Immune response to the Human Papillomavirus
Immune response to HPV in primary infection
Human papillomavirus infection of the cervix is relatively common in young sexually active women .The majority of infections are transient and not clinically evident with 70-90% of infections clearing within 12-30 months. This suggests that host immunity is generally able to clear HPV infection. The fact that HPV remains localised to cervix and vagina further indicates that local immune responses are sufficient in controlling and resolving HPV infection. Both cell mediated immunity and humoral immunity (Antibody responses) have been implicated in the susceptibility, persistence and clearance of genital HPV infection.
Although HPV infection is known to generate an immune response, it is an elusive target for the immune system and the immune responses are generally weak. Several mechanisms are involved which contribute to immune evasion.
1) HPV is non cytopathic i.e. The viruses do not lyse cells unlike the herpes viruses for example. They cause cell proliferation rather than cell destruction and as such do not invoke an inflammatory response
2) The fact that HPV only infects epithelial cells facilitates evasion of the immune system. Complete HPV virions are only found in terminally differentiating squamous cells in the outer layers of the genital epithelium, separated by several layers of mucosal epithelium from the lymphocytic germinal centres in the submucosa which are involved in generating the immune response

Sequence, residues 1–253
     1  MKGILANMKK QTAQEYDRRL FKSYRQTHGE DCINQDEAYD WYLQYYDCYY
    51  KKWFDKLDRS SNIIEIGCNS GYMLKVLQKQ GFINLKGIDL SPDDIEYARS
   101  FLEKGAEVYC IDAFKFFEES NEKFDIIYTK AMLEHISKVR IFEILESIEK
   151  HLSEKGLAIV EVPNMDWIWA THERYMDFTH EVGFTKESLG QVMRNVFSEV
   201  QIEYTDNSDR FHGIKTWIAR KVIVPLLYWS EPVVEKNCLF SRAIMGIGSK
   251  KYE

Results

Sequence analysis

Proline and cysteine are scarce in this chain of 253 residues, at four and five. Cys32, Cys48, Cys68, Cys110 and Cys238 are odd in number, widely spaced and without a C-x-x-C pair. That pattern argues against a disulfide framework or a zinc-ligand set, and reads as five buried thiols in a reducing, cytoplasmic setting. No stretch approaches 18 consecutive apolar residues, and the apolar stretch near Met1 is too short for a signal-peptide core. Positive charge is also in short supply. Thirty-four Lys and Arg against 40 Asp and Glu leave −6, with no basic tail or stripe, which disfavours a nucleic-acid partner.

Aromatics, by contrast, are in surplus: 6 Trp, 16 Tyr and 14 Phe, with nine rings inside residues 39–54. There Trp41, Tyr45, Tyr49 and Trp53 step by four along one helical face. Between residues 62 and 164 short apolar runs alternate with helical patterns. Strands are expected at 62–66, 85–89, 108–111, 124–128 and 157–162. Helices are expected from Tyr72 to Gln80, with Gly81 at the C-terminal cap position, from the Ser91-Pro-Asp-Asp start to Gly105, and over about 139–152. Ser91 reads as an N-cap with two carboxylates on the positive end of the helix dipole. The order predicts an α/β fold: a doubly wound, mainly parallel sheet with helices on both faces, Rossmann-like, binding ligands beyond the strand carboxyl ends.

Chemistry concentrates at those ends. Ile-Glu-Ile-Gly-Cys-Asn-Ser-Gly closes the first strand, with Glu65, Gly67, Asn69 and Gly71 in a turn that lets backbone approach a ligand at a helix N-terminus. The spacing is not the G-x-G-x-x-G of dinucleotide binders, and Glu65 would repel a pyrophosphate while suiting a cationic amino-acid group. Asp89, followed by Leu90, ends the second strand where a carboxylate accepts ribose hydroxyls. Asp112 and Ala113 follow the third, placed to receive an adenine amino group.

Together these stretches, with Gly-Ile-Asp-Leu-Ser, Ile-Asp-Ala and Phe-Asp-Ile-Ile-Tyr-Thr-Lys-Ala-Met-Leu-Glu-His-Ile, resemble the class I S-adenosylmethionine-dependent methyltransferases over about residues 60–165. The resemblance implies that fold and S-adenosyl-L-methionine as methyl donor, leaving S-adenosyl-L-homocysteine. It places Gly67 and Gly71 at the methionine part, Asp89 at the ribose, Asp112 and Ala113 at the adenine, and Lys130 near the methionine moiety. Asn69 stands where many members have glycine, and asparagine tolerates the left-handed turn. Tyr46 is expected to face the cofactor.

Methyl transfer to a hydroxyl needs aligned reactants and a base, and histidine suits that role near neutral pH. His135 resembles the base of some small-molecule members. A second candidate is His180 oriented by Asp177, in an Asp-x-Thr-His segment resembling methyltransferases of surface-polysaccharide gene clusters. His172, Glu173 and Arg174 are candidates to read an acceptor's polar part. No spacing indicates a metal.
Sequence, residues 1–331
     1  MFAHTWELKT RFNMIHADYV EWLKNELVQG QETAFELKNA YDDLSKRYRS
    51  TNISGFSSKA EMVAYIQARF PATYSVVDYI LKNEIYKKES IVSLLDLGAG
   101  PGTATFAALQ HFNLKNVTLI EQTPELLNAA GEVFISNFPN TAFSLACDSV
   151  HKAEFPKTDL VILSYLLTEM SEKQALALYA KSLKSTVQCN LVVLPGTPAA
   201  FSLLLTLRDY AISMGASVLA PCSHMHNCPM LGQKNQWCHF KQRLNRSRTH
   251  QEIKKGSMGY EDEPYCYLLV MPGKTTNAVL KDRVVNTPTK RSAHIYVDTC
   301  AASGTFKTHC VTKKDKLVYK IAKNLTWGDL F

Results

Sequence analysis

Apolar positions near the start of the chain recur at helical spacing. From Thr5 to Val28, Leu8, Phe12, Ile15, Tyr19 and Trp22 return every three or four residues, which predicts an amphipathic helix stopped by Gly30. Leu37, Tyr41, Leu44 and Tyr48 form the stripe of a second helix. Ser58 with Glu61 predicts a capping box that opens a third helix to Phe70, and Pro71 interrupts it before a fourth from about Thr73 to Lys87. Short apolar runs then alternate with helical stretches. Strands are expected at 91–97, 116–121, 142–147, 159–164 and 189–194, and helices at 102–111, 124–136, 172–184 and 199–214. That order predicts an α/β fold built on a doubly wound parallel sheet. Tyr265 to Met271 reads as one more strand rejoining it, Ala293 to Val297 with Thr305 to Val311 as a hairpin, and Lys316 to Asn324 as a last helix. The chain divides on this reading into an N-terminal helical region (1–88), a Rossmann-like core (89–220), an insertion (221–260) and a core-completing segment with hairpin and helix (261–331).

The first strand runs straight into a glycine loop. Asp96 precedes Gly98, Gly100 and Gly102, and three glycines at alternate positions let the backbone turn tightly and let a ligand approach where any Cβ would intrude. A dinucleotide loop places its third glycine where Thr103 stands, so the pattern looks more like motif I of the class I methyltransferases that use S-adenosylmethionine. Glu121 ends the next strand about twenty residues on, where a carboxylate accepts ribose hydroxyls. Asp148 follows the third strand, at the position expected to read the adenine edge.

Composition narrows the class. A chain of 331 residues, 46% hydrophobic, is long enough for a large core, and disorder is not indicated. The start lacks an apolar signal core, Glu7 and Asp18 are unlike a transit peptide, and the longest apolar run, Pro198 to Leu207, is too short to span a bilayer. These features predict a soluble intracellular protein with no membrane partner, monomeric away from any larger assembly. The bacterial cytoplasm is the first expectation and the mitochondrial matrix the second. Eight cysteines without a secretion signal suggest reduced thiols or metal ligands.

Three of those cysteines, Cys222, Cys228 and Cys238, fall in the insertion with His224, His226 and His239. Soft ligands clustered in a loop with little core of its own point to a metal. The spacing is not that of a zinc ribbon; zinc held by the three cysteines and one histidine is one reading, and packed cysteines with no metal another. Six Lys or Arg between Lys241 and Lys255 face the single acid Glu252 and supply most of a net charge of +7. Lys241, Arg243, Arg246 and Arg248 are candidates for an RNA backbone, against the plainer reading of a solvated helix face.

3) HPV avoids recognition of the innate immune system by blocking the production of interferons to ensure its own replication. This is achieved by the production of two early proteins E6 and E7 that bind to and inactivate intermediates in the interferon cascade.
Knowledge about the immune response to HPV is important for the production of appropriate vaccines against the viruses. An ideal HPV vaccine should induce both antibody and cellular immunity. Studies have shown that the major capsid protein L1 is essential in this respect. In canine and rabbit models of HPV infection immunisation with papillomavirus L1 virus like particles (VLPs) induces neutralising antibodies and totally protects immunised animals from challenge. There have been two successful clinical trials using vaccines prepared from VLPs the results of which are discussed in the next section.
Strategies for the production of other HPV vaccines using different production systems can be found in the following publication:
Strategies for the prevention of cervical cancer by human papillomavirus vaccination by A-L Williamson Williamson . J.-A Passmore and E.P.Rybicki in Best Practice and Research in Clinical Obstetrics and Gynaecology2005 vol 19, no4, pp 531 – 544 Also available on line at www.sciencedirect.com).